I.D. (International Design) magazine was an American magazine, focused on covering the industry of art and design.Image:i-d-sample-cover


I.D. was founded in 1954 by Monroe Wheeler, an art historian, and Harriette Estel Berman, a designer. The magazine was initially named "Industrial Design," and focused on the intersection of design and business. In the late 1970s and early 1980s, I.D. shifted its focus to cover all aspects of design, including architecture, fashion, and product design.

In 1990, I.D. was acquired by F+W Media, who expanded its coverage to include digital and interactive design. Over the years, I.D. became known for its coverage of emerging design trends and for showcasing the work of emerging designers.

However, as of March 2009, F+W Media ceased the print version of the magazine and in May of the same year, they relaunched the website as an online-only publication.


I.D. covered a wide range of design-related topics, including architecture, fashion, product design, and digital and interactive design.

The magazine was known for its distinctive design and photography, and for its focus on emerging design trends. It regularly featured profiles of leading designers and architects, as well as in-depth articles on design-related topics.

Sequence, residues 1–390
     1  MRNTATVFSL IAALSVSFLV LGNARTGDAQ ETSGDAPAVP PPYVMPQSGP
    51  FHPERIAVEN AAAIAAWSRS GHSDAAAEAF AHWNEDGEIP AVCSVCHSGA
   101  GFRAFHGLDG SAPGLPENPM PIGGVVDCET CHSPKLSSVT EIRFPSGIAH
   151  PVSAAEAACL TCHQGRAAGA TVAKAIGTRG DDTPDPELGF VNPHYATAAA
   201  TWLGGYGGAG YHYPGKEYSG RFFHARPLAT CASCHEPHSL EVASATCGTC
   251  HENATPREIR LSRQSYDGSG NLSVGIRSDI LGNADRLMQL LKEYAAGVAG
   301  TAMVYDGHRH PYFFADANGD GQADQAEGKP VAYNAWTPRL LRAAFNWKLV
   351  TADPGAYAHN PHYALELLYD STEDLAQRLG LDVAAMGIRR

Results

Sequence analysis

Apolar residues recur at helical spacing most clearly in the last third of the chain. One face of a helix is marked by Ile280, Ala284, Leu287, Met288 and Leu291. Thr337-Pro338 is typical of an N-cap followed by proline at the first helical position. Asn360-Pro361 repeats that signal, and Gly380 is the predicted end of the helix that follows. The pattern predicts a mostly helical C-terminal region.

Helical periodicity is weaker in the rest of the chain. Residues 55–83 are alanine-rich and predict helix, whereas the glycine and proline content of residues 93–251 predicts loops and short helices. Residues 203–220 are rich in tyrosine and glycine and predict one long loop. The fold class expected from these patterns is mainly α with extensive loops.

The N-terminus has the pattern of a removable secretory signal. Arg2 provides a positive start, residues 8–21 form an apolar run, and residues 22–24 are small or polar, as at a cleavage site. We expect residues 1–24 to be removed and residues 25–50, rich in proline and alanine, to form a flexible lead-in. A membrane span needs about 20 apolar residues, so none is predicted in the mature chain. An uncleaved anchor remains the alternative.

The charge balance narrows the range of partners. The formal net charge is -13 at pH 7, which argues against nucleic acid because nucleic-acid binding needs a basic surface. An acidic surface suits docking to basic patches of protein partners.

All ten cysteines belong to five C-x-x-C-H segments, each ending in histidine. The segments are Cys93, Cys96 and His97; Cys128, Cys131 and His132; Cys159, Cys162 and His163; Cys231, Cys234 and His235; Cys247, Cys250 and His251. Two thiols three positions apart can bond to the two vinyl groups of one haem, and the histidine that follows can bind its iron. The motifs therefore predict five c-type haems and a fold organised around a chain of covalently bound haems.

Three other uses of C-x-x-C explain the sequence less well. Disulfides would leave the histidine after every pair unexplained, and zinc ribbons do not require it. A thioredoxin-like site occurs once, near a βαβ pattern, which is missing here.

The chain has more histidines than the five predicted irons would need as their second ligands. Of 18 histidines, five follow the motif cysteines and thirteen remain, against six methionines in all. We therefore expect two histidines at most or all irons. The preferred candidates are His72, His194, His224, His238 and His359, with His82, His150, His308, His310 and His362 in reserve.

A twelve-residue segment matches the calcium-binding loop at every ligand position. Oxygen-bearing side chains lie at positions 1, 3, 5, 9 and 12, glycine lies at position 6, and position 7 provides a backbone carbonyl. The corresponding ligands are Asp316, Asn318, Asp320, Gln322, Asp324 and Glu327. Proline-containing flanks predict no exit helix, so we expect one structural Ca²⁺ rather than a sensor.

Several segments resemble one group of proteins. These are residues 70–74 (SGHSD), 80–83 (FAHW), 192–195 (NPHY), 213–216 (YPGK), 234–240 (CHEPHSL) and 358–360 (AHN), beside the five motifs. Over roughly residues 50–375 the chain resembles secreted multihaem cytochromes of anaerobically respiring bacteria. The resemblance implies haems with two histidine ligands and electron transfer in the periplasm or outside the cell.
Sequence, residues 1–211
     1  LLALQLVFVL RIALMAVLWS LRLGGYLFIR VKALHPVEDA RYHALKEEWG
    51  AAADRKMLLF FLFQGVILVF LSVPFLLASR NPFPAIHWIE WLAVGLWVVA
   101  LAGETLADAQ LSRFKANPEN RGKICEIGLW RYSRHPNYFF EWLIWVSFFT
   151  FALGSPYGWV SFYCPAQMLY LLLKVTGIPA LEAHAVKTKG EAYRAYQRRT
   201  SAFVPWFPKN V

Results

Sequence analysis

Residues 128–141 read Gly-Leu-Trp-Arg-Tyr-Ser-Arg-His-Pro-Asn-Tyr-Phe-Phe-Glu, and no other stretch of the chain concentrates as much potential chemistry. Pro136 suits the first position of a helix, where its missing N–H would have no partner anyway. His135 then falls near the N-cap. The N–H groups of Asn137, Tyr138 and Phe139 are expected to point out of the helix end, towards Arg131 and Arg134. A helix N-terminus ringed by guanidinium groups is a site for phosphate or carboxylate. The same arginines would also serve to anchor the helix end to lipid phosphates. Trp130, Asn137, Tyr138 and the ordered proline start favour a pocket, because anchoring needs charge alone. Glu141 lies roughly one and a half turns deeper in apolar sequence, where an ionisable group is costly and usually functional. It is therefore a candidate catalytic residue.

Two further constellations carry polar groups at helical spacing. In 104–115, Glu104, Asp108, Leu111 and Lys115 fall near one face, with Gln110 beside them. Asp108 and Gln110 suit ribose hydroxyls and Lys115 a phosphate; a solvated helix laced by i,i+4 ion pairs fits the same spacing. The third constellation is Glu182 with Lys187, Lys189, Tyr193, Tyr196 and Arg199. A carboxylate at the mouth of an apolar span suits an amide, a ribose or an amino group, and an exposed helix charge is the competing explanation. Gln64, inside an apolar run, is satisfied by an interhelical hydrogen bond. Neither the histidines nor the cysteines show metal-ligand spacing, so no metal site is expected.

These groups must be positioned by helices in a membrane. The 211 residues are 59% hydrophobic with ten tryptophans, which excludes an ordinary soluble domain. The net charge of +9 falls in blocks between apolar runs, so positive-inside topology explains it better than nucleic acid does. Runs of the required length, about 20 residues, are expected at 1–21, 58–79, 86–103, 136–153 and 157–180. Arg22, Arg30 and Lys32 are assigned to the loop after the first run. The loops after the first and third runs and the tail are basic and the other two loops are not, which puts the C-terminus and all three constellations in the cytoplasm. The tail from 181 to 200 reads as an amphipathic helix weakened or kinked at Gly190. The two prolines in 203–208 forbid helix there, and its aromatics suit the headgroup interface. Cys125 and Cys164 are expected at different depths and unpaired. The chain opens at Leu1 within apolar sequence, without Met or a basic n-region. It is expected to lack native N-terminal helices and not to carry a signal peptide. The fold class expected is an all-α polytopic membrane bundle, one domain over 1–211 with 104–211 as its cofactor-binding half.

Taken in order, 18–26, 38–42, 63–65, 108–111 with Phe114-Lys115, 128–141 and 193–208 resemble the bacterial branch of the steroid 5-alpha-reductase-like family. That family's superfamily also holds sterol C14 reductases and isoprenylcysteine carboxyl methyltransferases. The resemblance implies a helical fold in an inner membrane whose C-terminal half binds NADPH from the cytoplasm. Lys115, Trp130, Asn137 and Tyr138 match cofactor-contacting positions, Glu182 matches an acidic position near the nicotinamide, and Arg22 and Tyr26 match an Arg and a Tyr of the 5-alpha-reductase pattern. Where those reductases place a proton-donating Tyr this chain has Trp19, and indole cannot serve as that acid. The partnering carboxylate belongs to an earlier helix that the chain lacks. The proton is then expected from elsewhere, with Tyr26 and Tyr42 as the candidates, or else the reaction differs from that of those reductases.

In addition to its print and online content, I.D. sponsored design competitions and educational programs, including the I.D. Annual Design Review, which recognized outstanding design achievements in various categories.

Awards and Recognition

I.D. was recognized with a number of awards for its design and editorial content. In 2007, the magazine won a National Magazine Award for General Excellence in Design, and in 2009, it was named one of the "Top 40 Magazine Covers of the Last 40 Years" by the American Society of Magazine Editors.


The end of the print edition of I.D. magazine was a blow to the design community and was mourned by many fans of the publication. However, the magazine's influence on the design world continued to be felt after its closure. Many prominent designers and architects got their start in the pages of I.D., and the magazine's focus on emerging design trends helped to shape the conversation around design in the United States and beyond.{{Categories}}

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